In 1970, the movie Patton became a top-grossing film of the year, earned eight Academy Awards, and starred George C. Scott as the brilliant, eccentric World War II tank commander General George S. Patton. At a time when the country was mired in jungle warfare in Vietnam, in which tanks played relatively little role, audiences warmed to the epic story of America’s fast-moving tactical victories in the “good war” a quarter-century earlier. Tanks fired the imagination of not only movie-goers, but game players as well.
On a recent stroll through the arcade in The Strong's eGameRevolution exhibit, I recalled a favorite childhood memory of my hometown arcade. During the early to middle 1990s, even as arcades declined, young gamers like me hurried to our local arcades after school to pick fights. No, these weren’t real fights, but some players left with sore fingers from mashing buttons and injured egos from too many lost battles.
Most everyone is some sort of a gamer, whether that means you play Call of Duty to strategically advance and complete missions or you simply log onto your iPhone for a quick game of Words with Friends. Electronic games are everywhere. The Strong has the advantage of interpreting electronic game history in the context of play history.
Before I came to The Strong, I taught writing and literature courses at the Rochester Institute of Technology and elsewhere, which fits right in with writing electronic games blogs. As video games occupy more and more of our playtime, it is not surprising that some educators are finding opportunities to use gaming to teach writing and critical reading skills. Here are three examples I find particularly interesting:
A few years ago, I asked my students in an American cultural history course to identify logos and slogans from their lifetime. Not surprisingly, since advertising bombards us through print, radio, television, and the Internet, the students did this easily (try this Logo Quiz game for yourself). After this exercise, the class discussed how advertising illustrates changes in social and cultural history.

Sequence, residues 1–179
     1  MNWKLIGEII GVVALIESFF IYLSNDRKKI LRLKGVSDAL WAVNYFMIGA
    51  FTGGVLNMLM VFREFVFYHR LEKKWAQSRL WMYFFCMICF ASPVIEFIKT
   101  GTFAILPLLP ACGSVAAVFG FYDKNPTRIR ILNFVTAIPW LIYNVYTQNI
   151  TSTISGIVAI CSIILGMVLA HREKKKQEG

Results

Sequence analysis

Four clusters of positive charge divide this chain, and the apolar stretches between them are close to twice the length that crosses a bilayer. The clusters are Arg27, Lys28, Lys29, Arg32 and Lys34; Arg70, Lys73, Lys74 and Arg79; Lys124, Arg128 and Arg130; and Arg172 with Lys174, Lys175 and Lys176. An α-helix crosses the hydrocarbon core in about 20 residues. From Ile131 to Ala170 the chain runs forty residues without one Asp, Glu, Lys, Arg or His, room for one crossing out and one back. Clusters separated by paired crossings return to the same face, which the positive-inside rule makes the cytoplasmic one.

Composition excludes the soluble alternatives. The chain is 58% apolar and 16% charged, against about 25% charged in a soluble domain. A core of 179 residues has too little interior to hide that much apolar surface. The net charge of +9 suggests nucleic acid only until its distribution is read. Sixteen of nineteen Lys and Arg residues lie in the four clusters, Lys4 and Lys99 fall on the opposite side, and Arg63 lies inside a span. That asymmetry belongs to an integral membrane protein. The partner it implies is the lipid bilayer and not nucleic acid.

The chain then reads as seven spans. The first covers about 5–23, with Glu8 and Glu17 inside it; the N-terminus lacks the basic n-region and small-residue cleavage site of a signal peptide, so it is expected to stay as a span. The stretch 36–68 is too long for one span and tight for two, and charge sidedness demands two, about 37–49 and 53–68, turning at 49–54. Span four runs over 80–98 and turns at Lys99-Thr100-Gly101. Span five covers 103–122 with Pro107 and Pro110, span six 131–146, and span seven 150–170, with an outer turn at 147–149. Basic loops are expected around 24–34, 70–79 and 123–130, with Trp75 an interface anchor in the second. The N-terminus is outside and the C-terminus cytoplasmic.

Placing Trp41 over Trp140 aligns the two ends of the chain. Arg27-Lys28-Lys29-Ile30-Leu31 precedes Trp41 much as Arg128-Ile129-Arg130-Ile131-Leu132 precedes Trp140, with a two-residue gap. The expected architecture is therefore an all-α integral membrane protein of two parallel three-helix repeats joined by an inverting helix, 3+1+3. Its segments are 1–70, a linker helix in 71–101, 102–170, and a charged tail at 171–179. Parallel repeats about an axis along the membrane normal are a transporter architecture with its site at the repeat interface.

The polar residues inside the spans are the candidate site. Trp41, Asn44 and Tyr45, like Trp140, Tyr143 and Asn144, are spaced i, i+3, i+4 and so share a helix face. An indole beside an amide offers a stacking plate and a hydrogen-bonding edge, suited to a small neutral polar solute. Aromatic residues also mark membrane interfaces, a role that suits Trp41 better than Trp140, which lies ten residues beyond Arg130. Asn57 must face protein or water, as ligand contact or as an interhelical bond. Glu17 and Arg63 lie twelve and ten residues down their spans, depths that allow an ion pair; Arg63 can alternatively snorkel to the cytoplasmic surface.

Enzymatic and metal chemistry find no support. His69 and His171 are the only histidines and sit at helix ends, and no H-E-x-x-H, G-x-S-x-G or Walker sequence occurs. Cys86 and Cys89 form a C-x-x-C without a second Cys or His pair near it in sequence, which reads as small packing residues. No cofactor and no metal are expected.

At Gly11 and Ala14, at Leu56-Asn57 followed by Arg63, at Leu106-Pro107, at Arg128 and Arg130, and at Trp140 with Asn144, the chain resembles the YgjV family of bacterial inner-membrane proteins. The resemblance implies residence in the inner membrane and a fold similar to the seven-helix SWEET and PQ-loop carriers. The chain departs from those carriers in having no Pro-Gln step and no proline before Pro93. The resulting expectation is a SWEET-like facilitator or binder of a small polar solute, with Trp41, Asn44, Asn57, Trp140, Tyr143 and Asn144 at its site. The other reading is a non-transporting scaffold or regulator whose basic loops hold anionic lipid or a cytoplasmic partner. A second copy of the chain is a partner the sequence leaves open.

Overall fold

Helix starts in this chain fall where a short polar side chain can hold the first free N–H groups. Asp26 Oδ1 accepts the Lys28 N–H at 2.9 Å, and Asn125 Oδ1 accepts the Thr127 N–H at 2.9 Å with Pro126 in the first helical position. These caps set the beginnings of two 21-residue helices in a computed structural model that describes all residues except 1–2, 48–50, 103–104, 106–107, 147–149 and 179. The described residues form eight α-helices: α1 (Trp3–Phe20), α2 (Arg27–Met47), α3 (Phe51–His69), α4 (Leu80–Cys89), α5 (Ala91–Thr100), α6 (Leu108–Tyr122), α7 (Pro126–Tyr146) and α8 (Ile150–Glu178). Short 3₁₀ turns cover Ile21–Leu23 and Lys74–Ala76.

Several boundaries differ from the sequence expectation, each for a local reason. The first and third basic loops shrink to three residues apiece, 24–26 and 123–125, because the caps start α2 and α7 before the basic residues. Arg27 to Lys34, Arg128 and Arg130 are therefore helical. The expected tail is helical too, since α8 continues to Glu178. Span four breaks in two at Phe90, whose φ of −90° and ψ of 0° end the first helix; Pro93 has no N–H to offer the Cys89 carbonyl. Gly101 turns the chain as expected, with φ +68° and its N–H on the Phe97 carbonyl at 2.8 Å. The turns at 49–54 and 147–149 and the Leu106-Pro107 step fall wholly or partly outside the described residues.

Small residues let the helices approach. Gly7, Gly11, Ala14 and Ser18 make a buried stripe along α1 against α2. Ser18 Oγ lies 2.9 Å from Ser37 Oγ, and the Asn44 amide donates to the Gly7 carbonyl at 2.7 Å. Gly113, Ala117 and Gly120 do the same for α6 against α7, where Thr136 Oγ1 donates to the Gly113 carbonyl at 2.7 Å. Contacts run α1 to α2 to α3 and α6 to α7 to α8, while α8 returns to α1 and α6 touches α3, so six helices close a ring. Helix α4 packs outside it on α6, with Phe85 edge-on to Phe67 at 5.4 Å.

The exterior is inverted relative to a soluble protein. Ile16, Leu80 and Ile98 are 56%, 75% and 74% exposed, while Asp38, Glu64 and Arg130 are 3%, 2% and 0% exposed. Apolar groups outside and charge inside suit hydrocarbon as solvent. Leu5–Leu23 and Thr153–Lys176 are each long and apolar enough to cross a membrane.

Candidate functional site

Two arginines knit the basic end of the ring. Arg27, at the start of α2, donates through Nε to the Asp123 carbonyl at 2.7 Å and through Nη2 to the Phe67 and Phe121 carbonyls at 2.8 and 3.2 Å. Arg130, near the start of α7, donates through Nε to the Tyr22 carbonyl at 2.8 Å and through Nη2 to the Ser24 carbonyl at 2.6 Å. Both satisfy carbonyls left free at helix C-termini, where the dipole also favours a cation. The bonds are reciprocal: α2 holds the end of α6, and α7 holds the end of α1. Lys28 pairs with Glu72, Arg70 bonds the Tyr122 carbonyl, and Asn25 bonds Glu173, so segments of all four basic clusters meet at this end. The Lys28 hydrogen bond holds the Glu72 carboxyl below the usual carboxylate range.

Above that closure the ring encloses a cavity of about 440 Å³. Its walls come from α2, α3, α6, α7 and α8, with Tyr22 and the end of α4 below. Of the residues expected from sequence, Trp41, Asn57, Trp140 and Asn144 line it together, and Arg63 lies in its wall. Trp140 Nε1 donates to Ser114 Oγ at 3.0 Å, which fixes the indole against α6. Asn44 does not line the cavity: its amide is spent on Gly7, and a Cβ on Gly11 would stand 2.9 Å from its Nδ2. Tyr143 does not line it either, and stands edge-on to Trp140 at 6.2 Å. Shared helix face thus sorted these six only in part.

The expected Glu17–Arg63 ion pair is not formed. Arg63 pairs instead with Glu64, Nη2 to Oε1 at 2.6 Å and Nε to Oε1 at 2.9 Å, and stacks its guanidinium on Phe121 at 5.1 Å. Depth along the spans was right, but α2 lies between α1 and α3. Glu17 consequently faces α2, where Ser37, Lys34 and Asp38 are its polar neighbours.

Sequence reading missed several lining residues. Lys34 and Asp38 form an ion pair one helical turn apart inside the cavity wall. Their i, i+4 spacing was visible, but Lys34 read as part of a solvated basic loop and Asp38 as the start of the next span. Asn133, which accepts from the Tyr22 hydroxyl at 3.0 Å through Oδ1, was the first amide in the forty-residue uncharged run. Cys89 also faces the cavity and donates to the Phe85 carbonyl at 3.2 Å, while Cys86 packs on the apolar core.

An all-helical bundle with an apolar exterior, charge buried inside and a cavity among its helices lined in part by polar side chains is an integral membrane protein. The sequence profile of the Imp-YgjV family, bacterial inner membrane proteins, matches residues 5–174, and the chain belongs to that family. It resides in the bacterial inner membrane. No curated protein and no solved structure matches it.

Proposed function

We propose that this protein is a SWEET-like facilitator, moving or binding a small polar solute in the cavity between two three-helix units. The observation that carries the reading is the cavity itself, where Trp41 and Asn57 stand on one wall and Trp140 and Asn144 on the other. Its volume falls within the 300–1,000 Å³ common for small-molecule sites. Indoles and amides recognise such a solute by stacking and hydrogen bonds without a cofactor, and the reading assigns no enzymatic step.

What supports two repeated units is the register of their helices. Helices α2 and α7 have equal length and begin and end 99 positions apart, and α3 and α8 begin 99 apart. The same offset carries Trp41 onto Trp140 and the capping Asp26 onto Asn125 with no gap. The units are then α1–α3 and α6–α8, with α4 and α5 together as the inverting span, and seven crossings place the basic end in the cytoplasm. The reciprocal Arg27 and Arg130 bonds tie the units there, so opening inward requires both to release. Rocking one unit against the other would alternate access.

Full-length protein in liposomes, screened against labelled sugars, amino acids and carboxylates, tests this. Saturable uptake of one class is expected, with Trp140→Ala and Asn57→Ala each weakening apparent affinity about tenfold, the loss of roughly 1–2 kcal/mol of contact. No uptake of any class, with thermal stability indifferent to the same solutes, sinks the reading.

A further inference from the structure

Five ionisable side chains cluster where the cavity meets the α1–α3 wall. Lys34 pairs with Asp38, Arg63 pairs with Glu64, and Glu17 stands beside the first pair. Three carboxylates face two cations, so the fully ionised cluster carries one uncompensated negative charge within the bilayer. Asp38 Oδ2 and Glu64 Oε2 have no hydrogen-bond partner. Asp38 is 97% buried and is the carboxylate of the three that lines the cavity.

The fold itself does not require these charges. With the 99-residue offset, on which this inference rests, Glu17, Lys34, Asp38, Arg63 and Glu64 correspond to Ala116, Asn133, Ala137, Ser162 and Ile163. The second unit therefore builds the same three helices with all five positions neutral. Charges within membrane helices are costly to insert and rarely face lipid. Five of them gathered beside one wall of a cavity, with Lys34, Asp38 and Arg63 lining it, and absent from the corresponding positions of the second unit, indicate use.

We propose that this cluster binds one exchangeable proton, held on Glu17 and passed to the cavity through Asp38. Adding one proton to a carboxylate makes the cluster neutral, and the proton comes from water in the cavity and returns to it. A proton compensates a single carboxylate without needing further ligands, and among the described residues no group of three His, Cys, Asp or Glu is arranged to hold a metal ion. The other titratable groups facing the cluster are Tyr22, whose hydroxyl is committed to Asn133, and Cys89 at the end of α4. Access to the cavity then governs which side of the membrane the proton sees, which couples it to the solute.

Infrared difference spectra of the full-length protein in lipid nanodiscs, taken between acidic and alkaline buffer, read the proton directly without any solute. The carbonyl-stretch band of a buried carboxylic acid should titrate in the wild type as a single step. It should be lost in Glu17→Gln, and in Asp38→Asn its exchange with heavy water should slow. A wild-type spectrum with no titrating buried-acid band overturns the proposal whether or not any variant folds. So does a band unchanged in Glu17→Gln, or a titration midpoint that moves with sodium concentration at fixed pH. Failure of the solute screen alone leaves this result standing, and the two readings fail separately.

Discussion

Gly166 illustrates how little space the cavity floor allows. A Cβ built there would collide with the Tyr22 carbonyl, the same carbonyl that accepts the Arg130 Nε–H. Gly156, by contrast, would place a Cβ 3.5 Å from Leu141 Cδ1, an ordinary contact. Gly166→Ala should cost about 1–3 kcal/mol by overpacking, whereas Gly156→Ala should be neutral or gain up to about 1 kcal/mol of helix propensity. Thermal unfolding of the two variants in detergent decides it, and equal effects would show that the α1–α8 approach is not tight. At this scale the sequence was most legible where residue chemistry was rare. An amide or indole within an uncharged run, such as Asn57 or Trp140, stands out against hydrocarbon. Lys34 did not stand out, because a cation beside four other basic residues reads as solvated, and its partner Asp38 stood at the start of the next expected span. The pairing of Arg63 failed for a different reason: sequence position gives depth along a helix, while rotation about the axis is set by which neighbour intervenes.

“And so, the Four Horsemen were unleashed as foretold, and their names are Famine, Pestilence, War and Death. I am the line that separates life from death, war from peace and good from evil. I am known as Abaddon.
I have wanderlust. In college, I found like-minded companions in Dean and Sal from Jack Kerouac’s On the Road. In one passage, Sal recognized why he felt compelled to travel and explained that he had “no place he could stay in without getting tired of it and because there was nowhere to go but everywhere, rolling under the stars.” I still relate to his sentiments; however, my lifestyle does not always permit sporadic adventures. Now when I feel the need to hit the open road, I turn to video games for adventure and exploration.
Have you ever yearned for a particular gift only to receive an inferior substitute? That I imagine is what happened under a number of Christmas trees in the mid-1970s, when Marx Toys marketed its T.V. Tennis, an electromechanical version of home video game systems. ICHEG recently acquired a working copy of T.V. Tennis.